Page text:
Focal plane shutter

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A focal plane shutter is so named because it sits directly in front of the focal plane (i.e., the film or image sensor) of the camera. This is an advantage for interchangeable-lens cameras, because lenses do not need to have shutters built into them, and they can be removed and replaced while the shutter blocks light from the film.

The most common type of focal plane shutter is the two-curtain type first used by Leica, and subsequently copied by almost all other camera manufacturers. It uses two fabric curtains travelling in the same direction across the focal plane. The first curtain opens across the focal plane, and after the appropriate delay, the second curtain closes behind it. In most focal-plane shutters, the curtains travel at the same speed regardless of the speed setting: the shutter speed, the amount of time the film is exposed, is determined by the delay between the time the first curtain opens and the time the second curtain closes. Cocking the shutter moves the curtains back to their starting position. Because of the relative simplicity of this mechanism, it's easy to build shutters which can work accurately at very high shutter speeds, up to 1/2000 second.

Modern focal plane shutters may operate either horizontally, as in the original Leica design, or vertically, as in the original Contax design. They may be made of fabric or of light metal sheets. (See FP sync.)

Contents

Pros

  • The biggest advantage of a focal plane shutter is economy: for the best optical characteristics, leaf shutters must be located inside the lens, so lenses for leaf shutter systems are more expensive. (Behind-lens leaf shutters exist, but are considered sub-optimum.)
  • Focal plane shutters can be designed with higher speeds than leaf shutters. Leaf-shutters going up to at most 1/400 were common at one time, but focal plane shutters have been able to achieve 1/1000 using the moving-slit principle from almost the time they were invented. Plastic or metal-blind focal plane shutters often achieve 1/2000 and some exist on late SLR's that achieve 1/3000 or better.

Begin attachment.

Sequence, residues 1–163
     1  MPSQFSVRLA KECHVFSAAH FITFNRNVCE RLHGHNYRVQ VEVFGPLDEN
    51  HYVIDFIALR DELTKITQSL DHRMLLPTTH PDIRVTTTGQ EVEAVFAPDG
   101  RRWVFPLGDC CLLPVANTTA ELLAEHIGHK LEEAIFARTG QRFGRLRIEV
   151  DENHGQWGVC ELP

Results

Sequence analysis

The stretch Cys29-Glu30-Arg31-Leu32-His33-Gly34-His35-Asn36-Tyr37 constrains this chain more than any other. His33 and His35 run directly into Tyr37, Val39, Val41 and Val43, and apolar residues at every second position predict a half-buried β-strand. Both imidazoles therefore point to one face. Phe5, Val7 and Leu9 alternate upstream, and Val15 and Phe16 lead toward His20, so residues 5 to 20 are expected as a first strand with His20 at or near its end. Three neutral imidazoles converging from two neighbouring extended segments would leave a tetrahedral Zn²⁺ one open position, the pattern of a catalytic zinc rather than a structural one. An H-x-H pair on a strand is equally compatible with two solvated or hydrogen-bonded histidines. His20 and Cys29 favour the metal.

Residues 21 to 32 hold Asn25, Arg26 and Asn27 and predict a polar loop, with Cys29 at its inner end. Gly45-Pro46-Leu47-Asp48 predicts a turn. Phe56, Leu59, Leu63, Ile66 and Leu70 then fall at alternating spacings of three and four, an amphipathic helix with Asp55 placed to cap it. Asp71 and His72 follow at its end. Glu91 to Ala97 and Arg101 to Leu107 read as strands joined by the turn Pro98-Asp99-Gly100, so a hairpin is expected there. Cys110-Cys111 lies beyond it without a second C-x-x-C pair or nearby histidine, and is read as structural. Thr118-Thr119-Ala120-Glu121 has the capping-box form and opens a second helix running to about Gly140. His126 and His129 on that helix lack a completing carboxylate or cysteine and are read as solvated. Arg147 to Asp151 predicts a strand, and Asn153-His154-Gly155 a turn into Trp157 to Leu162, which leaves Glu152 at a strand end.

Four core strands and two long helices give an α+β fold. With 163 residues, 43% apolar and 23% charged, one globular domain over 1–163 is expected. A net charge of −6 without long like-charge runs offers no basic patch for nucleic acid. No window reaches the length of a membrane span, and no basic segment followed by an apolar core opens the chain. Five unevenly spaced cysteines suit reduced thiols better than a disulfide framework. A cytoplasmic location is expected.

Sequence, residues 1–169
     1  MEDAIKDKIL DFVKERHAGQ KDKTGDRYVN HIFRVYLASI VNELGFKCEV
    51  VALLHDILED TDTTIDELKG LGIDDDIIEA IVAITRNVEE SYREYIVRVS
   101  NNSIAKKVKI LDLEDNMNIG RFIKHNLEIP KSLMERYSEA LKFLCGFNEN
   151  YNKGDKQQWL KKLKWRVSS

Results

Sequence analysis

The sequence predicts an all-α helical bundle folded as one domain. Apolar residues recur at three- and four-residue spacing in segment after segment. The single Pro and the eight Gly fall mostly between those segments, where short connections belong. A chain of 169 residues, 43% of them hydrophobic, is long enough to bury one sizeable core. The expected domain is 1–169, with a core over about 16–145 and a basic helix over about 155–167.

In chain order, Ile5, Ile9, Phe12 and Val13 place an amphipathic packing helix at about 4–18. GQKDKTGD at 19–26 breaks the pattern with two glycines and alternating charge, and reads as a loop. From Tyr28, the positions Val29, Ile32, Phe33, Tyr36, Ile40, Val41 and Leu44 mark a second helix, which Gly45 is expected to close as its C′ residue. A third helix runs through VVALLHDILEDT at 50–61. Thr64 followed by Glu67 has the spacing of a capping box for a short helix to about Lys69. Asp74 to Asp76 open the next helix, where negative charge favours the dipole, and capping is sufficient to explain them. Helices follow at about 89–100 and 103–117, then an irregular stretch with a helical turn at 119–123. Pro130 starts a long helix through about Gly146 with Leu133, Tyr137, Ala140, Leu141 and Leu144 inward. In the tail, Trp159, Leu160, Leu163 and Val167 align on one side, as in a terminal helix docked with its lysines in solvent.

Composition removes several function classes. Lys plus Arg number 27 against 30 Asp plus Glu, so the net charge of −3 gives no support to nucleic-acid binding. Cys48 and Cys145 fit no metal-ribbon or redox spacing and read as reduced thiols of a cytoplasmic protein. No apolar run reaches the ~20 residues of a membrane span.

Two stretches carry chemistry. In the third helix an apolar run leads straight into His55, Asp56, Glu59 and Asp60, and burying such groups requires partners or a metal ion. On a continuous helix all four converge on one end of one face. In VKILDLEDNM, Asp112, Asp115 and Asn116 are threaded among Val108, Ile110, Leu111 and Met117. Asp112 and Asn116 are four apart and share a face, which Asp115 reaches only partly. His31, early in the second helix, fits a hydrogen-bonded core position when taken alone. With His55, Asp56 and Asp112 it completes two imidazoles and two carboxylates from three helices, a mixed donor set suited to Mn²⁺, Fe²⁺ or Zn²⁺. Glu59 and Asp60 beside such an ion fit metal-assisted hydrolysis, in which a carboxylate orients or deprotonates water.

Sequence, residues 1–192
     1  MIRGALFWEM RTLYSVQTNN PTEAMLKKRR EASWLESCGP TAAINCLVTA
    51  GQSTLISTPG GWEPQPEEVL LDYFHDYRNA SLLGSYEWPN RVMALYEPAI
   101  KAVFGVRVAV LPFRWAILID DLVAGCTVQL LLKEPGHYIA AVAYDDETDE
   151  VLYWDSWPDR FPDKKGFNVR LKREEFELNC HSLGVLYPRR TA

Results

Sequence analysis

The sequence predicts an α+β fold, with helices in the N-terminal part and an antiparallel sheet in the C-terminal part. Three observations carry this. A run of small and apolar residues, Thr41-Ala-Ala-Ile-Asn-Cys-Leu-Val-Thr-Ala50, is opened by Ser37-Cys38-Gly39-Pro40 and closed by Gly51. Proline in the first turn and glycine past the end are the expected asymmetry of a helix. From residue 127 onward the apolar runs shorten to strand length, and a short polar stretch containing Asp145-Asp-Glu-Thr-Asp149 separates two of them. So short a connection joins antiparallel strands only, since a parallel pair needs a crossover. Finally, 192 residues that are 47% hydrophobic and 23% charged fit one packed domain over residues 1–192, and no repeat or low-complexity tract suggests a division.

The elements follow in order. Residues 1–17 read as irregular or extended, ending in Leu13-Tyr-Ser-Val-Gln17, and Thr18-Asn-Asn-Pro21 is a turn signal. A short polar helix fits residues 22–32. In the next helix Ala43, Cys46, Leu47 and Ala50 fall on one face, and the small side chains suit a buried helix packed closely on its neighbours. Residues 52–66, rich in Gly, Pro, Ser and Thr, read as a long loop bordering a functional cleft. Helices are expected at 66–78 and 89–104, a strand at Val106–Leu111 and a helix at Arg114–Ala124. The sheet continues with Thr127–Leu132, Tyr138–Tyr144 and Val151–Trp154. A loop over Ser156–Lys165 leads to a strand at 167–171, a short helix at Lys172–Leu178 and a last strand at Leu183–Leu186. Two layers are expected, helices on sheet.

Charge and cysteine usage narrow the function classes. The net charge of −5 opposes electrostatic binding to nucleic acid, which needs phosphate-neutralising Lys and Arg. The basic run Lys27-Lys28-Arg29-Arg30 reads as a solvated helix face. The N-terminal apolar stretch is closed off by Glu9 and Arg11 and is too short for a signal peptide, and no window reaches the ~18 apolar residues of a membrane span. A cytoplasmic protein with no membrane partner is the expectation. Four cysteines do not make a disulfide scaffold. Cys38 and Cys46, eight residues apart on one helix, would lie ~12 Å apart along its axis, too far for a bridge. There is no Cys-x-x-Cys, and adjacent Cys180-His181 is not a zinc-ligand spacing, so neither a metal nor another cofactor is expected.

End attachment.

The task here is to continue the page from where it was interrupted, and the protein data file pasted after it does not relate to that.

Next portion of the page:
• In film cameras with interchangeable lenses, the shutter protects the film from light and dust when changing lenses.

Cons

  • X-sync can only be used up to a maximum shutter speed on focal plane cameras, unlike leaf shutters which can sync at any shutter speed. This is because a focal plane shutter is only fully open up to a certain speed, usually about 1/60th of a second. At higher speeds, an increasingly narrow slit moves across the film plane, so a flash exposure would only expose a portion of the frame. Leaf shutters, on the other hand, open fully even at their highest speeds, allowing flash synchronization at all speeds.
  • Focal plane shutters are noisier than leaf shutters.
  • Moving subjects can be distorted by the travelling slit of a focal plane shutter.
  • Focal plane shutters are often more susceptible to damage, as they are usually cloth and are highly exposed whenever the camera is open.

Focal plane shutter evolution

To partially address the low maximum shutter speeds usable with flash, later focal plane shutters - starting with the Copal Square shutter from the 1960s - now employ lightweight metal or polymer blades, moving vertically, replacing the original cloth blinds. These permit sync speeds of up to 1/250 sec.[1]

Notes

  1. Illustration of a Nikon implementation of a Copal Square focal plane shutter here.

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